This is what black holes sound like
Gravitational waves are an abstract phenomenon. Few people can imagine the distortions of space-time. An artist and composer make the waves emitted by merging black holes tangible.
ANDOn September 14, 2015, scientists managed to measure gravitational waves for the first time and thus prove their existence. About 100 years earlier, Albert Einstein had deduced the existence of these waves from the formulas of general relativity, but he himself did not believe that these tiny distortions of cosmic space-time could ever be measured. Advances, particularly in laser technology, eventually made it possible to build detectors that could pick up such signals.
Thus, two LIGO gravitational wave detectors in the US, 3,000 kilometers apart, recorded signals at appropriate time intervals from each other, the shape of which was exactly as expected based on theoretical calculations. Based on these models, researchers were able to next determine that the measured gravitational wave was caused by two black holes emitted 1.3 billion light-years away.
These two gravity monsters orbited each other, getting closer and closer and eventually merging to form a black hole. Based on the frequency of gravitational waves emitted during this process, physicists were able to calculate that before the merger, the two black holes were 29 and 36 times the mass of the Sun, respectively.
The first direct detection of gravitational waves – the signal was called GW150914 – was a scientific sensation. Not only because it confirmed the general theory of relativity after a century, but also because it opened a completely new window to the observation of cosmic processes.
Measuring gravitational waves has now become routine, and such a signal from deep space is received on average every three days. When large masses undergo strong acceleration, they emit some energy in the form of gravitational waves. Characteristic gravitational waves are also emitted when two neutron stars merge, or between a black hole and a neutron star.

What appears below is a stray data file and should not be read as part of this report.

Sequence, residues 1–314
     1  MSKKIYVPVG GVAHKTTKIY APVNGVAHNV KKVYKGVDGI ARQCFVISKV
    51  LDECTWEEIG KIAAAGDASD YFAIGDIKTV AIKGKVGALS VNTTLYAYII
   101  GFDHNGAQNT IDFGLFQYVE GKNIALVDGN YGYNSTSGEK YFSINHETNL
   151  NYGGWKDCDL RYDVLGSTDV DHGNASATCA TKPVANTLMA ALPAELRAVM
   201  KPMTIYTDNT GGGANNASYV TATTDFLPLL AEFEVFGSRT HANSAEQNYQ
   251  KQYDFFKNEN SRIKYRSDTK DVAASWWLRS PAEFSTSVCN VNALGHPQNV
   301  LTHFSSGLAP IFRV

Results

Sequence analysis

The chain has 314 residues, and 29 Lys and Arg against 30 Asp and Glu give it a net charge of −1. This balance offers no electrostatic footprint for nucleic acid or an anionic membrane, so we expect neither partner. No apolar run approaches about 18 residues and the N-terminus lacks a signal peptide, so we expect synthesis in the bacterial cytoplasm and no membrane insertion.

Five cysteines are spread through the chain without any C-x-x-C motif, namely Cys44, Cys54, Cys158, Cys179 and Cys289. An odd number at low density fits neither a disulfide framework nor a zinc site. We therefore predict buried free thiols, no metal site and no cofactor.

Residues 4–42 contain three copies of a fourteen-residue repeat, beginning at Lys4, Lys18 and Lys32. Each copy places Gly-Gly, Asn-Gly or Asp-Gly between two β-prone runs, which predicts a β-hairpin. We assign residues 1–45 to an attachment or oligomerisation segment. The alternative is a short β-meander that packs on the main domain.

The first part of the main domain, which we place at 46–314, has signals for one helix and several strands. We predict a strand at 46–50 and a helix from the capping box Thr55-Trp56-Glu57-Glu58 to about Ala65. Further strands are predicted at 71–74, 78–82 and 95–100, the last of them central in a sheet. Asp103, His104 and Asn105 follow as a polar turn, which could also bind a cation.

When two massive objects in space merge, they become faster and faster as they approach, causing the gravitational wave frequency to become higher and higher before the signal dies down after the merger occurs. The nature of gravitational waves and acoustic waves is completely different. However, the wavelengths of gravitational waves emitted by black hole mergers often fall in a frequency range that, compared to sound waves, is within the range audible to the human ear.
Gravitational wave researchers immediately came up with the idea that this analogy could be used to illustrate the phenomenon. They use a computer to convert the frequencies of the measured gravitational waves into appropriate electrical signals, which can then be used to acoustically experience the gravitational wave using loudspeakers.
The constantly increasing increase in sound frequency creates the characteristic “tschirp” sound, which inspired artist Annika Kahrs to create a video work. Together with composer Louis d’Heudières and musicians from Los Angeles, she musically interpreted the “tschirp” sounds of various cosmic fusion events.
The film “Melody of Gravity” opens an artistic and poetic approach to the physical phenomenon of gravitational waves. The film and music discussion is accompanied by scientist Keith Thorne, who works as a physicist at LIGO. He calls the LIGO Research Institute “the quietest concert hall” in the world. Because during very sensitive measurements of gravitational waves with laser spectrometers, all kinds of earthly noise can be disturbing.
In Kahr’s film, Thorne stands both in the LIGO control room and in front of the orchestra on the conductor’s podium. There he announces with dignity: Listen to GW150914 now! The video work “Gravity’s Tune” was created as part of the Villa Aurora artist fellowship in Los Angeles in 2021 with the support of MOIN Film Fund Hamburg Schleswig-Holstein and the Schering Foundation.
The symbiosis of physics and culture can be experienced in the Berlin exhibition space of the Schering Foundation (Unter den Linden 32-34) until November 26, 2023. Admission is free.
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